April 12, 2019

Setting up ShaderModifiers in SceneKit

I <3 the Metal shader debugger in XCode. It’s one of those things that feels like they’ve been sent from the future. I’ve been doing shaders in OpenGL for years and years. The last five years I’ve been helping a nice Swedish game company to code casual games with a lot of Candy. And Crushes. More than once I’ve realized that the demos and shaders I did for fun in my teens are the very things that’s putting food on the table for my kids over 100 years later. Well.. Almost 100 years later.

After last years WWDC I downloaded the new XCode with the Metal debugger and. I was completely blown away! Writing shaders in Metal is like writing ordinary C++ 14 at work but without those pesky templates. Just the way I like C++! And the shader debugger. The shader debugger is better the my standard C++ debugger at work!

I did a lot of face tracking app sessions with AR kit. Pretty much like this:

face tracking

I wanted to have a quick shader lab environment without an iPhone and AR stuff but still work on the face tracking SceneKit shaders on the commute to work where I only have my laptop. The quickest setup was to do a simple plane geometry in SceneKit and hook up ShaderModifiers.

ShaderModifiers can be both vertex and fragment modifiers and are injected in to the standard SceneKit shader setup using pragmas. Pretty convenient, I use it all the time. So how do we set it up?

Create a standard MacOS app with a view and a ViewController, set up a SceneKit scene and hook up a shader modifier this way:

import Cocoa
import SceneKit

class ViewController: NSViewController {
    var scnView: SCNView!
    var scnScene: SCNScene!
    var cameraNode: SCNNode!
    override func viewDidLoad() {
        scnView = self.view as? SCNView
        scnView.showsStatistics = false
        scnView.allowsCameraControl = true
        scnView.autoenablesDefaultLighting = false
        scnScene = SCNScene()
        scnScene.background.contents = NSColor.gray
        scnView.scene = scnScene
        cameraNode = SCNNode()
        cameraNode.camera = SCNCamera()
        cameraNode.position = SCNVector3(x:0, y:0, z:12)
        let plane = SCNPlane(width: 20, height: 10)
        guard let shaderURL = Bundle.main.url(forResource: "frag", withExtension: "shader"),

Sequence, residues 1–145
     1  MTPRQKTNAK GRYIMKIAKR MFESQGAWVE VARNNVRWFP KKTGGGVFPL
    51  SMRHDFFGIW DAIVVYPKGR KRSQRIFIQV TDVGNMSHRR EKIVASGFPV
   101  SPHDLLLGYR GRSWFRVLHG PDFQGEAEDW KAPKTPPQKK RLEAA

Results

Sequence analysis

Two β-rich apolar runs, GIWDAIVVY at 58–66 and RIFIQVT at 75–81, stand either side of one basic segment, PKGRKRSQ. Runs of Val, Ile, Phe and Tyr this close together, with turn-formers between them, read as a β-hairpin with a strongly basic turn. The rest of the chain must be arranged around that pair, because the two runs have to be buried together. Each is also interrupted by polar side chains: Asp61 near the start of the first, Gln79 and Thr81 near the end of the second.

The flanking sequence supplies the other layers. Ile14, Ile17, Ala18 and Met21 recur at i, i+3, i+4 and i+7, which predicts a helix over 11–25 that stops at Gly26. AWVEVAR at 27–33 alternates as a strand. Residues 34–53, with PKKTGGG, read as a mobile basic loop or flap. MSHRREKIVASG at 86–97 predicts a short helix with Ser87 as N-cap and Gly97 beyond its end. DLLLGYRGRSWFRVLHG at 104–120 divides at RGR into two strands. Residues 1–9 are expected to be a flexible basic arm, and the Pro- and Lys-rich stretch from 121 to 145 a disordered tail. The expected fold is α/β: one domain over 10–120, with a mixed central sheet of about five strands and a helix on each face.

let modifier = try? String(contentsOf: shaderURL)
            else { fatalError("Can't load shader from bundle.") }
        plane.shaderModifiers = [.fragment: modifier]
        let node = SCNNode(geometry: plane)
        plane.firstMaterial?.diffuse.contents = NSImage(named: "skull")
        plane.firstMaterial?.diffuse.wrapS = SCNWrapMode.repeat;
        plane.firstMaterial?.diffuse.wrapT = SCNWrapMode.repeat;
        scnView.isPlaying = true

Add a texture to the bundle, in this case it’s called skulls and create a frag.shader file with the shader modifier.

#pragma transparent
#pragma body

float mpi = 3.1415926535897932384626433832795;
// scenekit stashes time in scn_frame
float iTime = scn_frame.time;

// grab uv coords from our material
float2 uv = _surface.diffuseTexcoord;

// we want a coords from -1 to 1 instead of standard uv coords (0-1)
float2 p = -1.0+2.0*uv;

// length and angle from center for fancy polar coord dist.
float r = length(p);
float a = atan(p.y / p.x);

//classic demo fx
float2 uvmod = float2(p.x/abs(p.y), 1/abs(p.y));
// uv scroll it with time
uvmod += iTime;

// get the diffuse sampler and get col at distorted uv coords
float4 texcol = u_diffuseTexture.sample(u_diffuseTextureSampler, uvmod);
_output.color.rgba = texcol;

The sample is a classic memory from my boy room. A nice u=x/abs(y) v=1/abs(y), but in 2019 I don’t need LUTs. Nice.

demo time

The full source code can be found here https://github.com/deurell/ShaderModifierLab